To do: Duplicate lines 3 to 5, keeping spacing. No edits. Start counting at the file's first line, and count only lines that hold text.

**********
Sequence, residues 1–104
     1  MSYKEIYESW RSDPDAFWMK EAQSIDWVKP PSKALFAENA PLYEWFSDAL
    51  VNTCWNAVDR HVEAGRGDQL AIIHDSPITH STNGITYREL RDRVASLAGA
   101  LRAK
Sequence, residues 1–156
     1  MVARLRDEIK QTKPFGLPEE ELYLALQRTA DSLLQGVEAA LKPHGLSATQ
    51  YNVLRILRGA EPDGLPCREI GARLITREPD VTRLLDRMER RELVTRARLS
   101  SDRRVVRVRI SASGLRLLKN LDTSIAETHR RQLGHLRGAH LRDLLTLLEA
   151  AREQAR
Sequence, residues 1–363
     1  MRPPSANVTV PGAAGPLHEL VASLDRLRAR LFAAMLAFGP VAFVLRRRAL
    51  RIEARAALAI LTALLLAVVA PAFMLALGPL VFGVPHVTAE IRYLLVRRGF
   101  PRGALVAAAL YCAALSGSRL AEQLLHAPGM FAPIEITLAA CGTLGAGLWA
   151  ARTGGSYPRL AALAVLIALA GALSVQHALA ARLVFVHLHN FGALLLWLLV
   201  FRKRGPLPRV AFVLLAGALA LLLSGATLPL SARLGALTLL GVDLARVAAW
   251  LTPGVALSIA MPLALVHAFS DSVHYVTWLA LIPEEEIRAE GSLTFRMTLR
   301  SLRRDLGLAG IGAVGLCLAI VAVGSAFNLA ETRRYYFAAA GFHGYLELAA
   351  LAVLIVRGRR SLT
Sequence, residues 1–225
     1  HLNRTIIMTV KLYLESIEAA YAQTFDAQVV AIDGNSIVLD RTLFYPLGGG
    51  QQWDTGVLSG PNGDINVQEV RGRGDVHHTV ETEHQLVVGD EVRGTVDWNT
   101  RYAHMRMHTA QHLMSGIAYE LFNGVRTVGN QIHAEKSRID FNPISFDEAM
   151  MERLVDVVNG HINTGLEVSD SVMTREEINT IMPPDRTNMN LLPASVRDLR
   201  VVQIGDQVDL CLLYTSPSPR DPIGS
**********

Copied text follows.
    51  VNTCWNAVDR HVEAGRGDQL AIIHDSPITH STNGITYREL RDRVASLAGA
   101  LRAK
Sequence, residues 1–156